Details

International Journal of Event and Festival Management, vol. 9 no. 1
Type: Research Article
ISSN: 1758-2954

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Article
Publication date: 6 April 2020

Luke R. Potwarka, Ryan Snelgrove, Laura Wood, Georgia Teare and Daniel Wigfield

The purpose of this study was to examine whether watching a live track cycling event could increase youths' intention to participate in the sport, and to identify…

Abstract

Purpose

The purpose of this study was to examine whether watching a live track cycling event could increase youths' intention to participate in the sport, and to identify cognitive and affective mechanisms associated with post-event intentions.

Design/methodology/approach

A sample of youth spectators (n = 362) who experienced the 2016 Milton International Track Cycling Challenge completed pre- and post-event questionnaires to assess intention to participate and cognitive and affective components of their spectator experience.

Findings

Respondents' intentions to participate post-event were significantly higher than pre-event. Results also indicated that state inspiration mediated relationships between three cognitive dimensions of sport spectator experiences (i.e. fantasy, flow, evaluation) and intention to participate.

Practical implications

Sport managers should design youth day events to engage with youth prior to the event to increase their knowledge of the sport. This prior engagement may help youth to evaluate performances effectively. Moreover, event experience should be designed to incorporate vicarious and immersive experiences tailored to youth spectators.

Originality/value

The present study is one of the first to assess intentions to participate among youth spectators at multiple time points (i.e. before and after an event) and identifies specific mechanism within the spectator experience that may lead to a demonstration effect.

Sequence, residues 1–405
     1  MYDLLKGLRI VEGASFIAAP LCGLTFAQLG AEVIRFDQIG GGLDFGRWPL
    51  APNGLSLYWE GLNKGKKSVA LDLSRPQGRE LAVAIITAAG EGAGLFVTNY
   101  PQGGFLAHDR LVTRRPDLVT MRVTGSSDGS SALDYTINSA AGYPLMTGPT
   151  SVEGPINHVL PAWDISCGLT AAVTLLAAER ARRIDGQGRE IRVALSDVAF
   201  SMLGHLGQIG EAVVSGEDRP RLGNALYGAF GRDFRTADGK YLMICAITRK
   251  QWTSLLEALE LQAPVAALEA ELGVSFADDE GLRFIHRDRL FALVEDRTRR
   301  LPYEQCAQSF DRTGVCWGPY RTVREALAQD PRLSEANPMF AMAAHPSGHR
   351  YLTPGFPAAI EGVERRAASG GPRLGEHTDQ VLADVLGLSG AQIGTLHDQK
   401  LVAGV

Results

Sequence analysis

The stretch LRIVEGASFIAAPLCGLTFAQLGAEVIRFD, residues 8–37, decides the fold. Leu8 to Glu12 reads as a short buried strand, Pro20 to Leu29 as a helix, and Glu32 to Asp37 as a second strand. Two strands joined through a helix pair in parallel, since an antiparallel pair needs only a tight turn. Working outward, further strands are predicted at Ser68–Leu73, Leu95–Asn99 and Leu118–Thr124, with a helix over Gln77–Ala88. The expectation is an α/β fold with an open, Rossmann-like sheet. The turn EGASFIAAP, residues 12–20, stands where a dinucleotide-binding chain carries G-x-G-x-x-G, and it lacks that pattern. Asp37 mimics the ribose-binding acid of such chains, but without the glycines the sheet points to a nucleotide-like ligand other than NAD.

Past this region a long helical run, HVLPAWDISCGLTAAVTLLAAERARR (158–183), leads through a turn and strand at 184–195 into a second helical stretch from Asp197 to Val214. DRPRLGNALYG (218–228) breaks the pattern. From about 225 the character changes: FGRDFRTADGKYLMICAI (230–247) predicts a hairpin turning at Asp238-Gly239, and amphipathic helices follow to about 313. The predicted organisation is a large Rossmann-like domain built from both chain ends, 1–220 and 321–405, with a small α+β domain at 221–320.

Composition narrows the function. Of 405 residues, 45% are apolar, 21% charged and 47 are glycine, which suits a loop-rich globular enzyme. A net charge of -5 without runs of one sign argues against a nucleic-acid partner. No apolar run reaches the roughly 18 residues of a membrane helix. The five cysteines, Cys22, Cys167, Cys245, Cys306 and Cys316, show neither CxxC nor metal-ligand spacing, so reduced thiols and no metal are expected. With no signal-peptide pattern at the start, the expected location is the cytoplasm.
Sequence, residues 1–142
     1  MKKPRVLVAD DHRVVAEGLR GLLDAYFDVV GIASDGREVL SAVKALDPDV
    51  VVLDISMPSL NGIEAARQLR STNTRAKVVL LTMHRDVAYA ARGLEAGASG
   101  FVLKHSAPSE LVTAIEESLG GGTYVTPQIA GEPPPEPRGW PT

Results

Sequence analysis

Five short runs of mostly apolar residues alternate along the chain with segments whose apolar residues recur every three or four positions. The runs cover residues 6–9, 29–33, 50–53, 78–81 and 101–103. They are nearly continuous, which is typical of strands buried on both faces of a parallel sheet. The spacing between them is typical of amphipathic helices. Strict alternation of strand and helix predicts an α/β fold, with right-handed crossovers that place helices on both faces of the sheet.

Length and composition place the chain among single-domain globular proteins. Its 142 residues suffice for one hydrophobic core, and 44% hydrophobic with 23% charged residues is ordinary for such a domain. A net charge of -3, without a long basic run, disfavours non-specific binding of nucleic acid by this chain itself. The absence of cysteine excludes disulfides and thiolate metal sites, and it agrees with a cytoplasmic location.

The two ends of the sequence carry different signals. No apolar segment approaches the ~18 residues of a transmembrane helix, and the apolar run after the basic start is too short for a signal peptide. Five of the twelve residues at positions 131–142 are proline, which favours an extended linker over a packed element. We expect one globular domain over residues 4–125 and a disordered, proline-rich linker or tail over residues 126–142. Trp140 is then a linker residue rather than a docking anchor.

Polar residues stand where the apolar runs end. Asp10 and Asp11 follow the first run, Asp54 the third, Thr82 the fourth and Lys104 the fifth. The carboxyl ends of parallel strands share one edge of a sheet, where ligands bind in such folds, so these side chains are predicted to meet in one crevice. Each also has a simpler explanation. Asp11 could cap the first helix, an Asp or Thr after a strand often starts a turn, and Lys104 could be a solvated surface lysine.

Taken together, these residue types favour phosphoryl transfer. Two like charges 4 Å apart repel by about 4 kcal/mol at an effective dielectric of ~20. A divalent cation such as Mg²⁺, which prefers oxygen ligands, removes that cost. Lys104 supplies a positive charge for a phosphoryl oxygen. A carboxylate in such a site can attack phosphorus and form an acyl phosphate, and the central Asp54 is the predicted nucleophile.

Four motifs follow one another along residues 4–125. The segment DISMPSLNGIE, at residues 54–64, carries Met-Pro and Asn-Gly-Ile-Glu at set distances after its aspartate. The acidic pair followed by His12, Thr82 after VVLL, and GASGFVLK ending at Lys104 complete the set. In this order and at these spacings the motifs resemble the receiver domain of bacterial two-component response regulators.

Details

Sport, Business and Management: An International Journal, vol. 10 no. 2
Type: Research Article
ISSN: 2042-678X

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Case study
Publication date: 1 April 2011

Alexandra Snelgrove and Ariane Ryan

The case addresses issues related to value chains, sustainable businesses, business environment in emerging economies and cross-cultural issues.

Abstract

Subject area

The case addresses issues related to value chains, sustainable businesses, business environment in emerging economies and cross-cultural issues.

applicability/applicability

This case would be best addressed by students in upper years of their undergraduate degree or at a Master's level.

Case overview

The case addresses a project conducted by MEDA in Pakistan which focused on developing a value chain in the embroidery sector with the end goal of improving the livelihood of homebound rural women. The case walks the students through the local cultural constraints, the project design the development of the various value chain actors and the most significant outcomes. The primary issue requires the students to evaluate the most appropriate exit strategy for MEDA which would not harm the existing networks and allow the whole value chain to continue sustainably.

Expected learning outcomes

To appreciate the complexity of value chain development while understanding the benefits and opportunities they offer. To understand the importance of sustainability and how this can be achieved using market tools. To grasp the concept of exit strategies in the context of development projects and explore various ways these can be structured. To identify the impact of culture on business environment. Integrating the poor into thriving markets. Business as a development tool.

Supplementary materials

Teaching notes

Details

Emerald Emerging Markets Case Studies, vol. 1 no. 2
Type: Case Study
ISSN: 2045-0621

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Article
Publication date: 19 October 2015

Thomas J. Aicher, Kostas Karadakis and Melfy M Eddosary